"We kept hearing the program had broad support in Congress but the reauthorization kept getting delayed and it's been nerve wracking," said Ramsay, noting that her organization continued providing in-home services during the gap.

Patient advocacy groups worried, however, that the law skewed toward helping Medicare Advantage plans at the expense of the traditional Medicare program, such as a provision expanding supplemental benefits to meet the needs of Medicare Advantage enrollees only.

"It allows Advantage plans to cover things like grab bars and wheelchair ramps, which is great for folks who need them but should be made available to people in traditional Medicare as well," said David Lipschutz, senior policy attorney at the Center for Medicare Advocacy.

Some insurers were pleased that the law expands a Medicare Advantage demonstration allowing plans in all 50 states to establish benefit designs that lower cost-sharing to encourage beneficiaries to seek out high-value chronic care services. Previously, plans in only 25 states would have been allowed to test value-based insurance design.

Under the expanded demonstration, Medicare Advantage plans can reduce or eliminate copayments or waive the deductible for high-value services for patients with nine types of conditions, including congestive heart failure, hypertension, and rheumatoid arthritis.

"There is evidence showing that cost sharing and benefit design can be important for utilization of high-value care," said Ray Quintero, co-director of the Smarter Health Care Coalition. His group wants to allow value-based insurance design in private high-deductible health plans as well so enrollees can receive certain services without having to meet deductibles or pay coinsurance.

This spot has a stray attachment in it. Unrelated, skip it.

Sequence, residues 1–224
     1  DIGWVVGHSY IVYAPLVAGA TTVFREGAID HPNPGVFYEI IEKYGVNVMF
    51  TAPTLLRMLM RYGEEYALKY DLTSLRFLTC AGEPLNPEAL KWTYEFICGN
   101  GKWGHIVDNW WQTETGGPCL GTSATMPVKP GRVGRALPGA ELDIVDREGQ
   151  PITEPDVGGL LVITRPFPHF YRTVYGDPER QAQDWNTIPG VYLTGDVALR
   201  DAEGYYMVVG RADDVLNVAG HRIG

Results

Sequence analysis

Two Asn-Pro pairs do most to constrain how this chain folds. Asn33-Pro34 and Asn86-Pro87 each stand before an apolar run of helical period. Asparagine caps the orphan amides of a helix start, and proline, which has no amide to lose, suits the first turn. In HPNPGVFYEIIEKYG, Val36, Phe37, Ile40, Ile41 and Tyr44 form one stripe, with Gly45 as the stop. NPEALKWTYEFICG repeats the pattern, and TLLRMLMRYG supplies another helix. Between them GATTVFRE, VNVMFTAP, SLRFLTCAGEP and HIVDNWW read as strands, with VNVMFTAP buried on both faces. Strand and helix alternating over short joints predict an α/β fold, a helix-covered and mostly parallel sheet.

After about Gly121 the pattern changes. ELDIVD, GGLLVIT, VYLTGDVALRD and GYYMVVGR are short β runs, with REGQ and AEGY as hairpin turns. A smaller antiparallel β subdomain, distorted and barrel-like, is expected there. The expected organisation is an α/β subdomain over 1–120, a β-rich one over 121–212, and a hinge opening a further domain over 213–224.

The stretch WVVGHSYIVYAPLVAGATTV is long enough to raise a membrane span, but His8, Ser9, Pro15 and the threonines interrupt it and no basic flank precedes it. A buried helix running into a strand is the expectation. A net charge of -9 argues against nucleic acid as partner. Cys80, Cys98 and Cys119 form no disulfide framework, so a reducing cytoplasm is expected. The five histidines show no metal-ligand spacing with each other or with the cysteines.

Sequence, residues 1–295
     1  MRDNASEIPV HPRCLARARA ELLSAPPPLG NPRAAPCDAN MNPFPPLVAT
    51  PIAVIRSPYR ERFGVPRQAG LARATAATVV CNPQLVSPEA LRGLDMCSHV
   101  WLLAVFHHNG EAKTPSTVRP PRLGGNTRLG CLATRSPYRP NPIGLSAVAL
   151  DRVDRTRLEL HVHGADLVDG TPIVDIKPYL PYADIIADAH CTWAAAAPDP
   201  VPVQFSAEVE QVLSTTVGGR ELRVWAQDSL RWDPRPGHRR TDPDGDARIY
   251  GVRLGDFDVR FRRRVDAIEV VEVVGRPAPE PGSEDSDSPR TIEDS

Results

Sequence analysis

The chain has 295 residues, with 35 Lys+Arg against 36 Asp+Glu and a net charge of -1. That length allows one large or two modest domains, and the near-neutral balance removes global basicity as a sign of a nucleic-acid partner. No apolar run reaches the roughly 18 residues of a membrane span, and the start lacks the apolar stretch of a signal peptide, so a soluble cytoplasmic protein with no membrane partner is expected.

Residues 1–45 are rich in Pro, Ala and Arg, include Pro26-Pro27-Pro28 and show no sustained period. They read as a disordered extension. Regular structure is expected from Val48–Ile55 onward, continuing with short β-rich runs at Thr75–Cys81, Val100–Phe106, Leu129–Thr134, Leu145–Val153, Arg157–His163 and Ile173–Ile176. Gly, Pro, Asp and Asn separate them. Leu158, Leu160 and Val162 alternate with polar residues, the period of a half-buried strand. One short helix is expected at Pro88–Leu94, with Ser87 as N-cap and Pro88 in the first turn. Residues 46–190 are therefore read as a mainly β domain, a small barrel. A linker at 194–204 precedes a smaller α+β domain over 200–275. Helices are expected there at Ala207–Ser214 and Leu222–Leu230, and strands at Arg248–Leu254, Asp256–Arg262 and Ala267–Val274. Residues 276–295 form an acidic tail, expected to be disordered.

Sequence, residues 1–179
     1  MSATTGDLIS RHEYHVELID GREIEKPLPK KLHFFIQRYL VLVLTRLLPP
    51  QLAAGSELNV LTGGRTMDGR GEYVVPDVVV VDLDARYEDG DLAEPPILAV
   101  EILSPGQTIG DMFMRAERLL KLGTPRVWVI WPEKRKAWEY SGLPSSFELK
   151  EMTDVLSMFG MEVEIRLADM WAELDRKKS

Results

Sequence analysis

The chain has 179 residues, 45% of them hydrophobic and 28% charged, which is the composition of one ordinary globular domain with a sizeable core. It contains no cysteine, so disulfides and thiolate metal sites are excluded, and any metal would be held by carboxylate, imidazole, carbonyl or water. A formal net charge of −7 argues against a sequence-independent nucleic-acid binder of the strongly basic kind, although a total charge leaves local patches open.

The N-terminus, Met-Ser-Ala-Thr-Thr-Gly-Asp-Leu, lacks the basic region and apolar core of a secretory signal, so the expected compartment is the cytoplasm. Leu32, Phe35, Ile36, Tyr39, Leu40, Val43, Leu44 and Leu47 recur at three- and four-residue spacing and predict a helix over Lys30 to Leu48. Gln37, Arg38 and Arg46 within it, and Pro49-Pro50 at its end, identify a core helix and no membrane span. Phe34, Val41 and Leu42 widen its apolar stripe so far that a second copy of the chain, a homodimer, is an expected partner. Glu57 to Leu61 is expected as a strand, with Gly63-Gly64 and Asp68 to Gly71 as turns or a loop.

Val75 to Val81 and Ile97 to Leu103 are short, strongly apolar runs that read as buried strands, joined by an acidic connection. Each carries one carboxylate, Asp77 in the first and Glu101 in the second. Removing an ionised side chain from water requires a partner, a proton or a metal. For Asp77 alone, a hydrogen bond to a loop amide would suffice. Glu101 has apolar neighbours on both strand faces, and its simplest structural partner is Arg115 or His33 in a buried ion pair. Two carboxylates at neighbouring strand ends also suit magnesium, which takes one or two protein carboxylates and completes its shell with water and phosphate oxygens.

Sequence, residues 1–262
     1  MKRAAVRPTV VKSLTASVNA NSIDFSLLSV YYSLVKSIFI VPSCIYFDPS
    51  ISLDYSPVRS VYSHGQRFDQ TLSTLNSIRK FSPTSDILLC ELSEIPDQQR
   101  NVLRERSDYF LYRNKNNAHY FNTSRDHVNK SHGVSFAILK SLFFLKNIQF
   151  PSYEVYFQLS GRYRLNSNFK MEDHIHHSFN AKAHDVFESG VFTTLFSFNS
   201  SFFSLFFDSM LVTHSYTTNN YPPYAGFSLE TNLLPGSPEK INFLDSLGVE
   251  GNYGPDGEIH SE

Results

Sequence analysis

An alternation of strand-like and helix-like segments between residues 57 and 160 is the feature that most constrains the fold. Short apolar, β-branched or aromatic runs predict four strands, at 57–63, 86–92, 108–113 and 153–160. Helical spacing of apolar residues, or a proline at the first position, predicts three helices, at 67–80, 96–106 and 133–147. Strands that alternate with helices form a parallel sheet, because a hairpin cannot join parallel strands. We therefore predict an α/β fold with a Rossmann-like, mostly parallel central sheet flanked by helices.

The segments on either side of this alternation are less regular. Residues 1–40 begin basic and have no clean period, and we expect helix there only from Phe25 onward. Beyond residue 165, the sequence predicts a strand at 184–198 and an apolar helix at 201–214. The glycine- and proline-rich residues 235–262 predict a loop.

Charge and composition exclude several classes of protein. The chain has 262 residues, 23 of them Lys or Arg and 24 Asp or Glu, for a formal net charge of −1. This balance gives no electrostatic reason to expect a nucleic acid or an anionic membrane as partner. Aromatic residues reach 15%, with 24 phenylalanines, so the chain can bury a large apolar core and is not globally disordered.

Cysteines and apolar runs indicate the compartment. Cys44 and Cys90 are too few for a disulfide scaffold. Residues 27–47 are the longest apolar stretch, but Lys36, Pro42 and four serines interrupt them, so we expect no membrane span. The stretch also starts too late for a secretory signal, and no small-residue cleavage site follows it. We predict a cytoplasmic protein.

But patient advocates worry that without careful guardrails, Medicare Advantage plans could use these types of flexible benefit designs to attract healthier enrollees and discourage sicker ones. "Congress wants to expand a program which has not been tested and about which we have no results yet," Lipschutz said. "And it will make things that much more complex for beneficiaries trying to pick a plan."

Another provision of the budget bill would for the first time allow certain Medicare accountable care organizations to pay beneficiaries up to $20 if they seek out qualifying, high-value primary care services. Quintero said that is consistent with his group's concept of providing financial incentives to patients to do healthful things.


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Harris Meyer is a senior reporter providing news and analysis on a broad range of healthcare topics. He served as managing editor of Modern Healthcare from 2013 to 2015. His more than three decades of journalism experience includes freelance reporting for Health Affairs, Kaiser Health News and other publications; law editor at the Daily Business Review in Miami; staff writer at the New Times alternative weekly in Fort Lauderdale, Fla.; senior writer at Hospitals & Health Networks; national correspondent at American Medical News; and health unit researcher at WMAQ-TV News in Chicago. A graduate of Northwestern University, Meyer won the 2000 Gerald Loeb Award for Distinguished Business and Financial Journalism.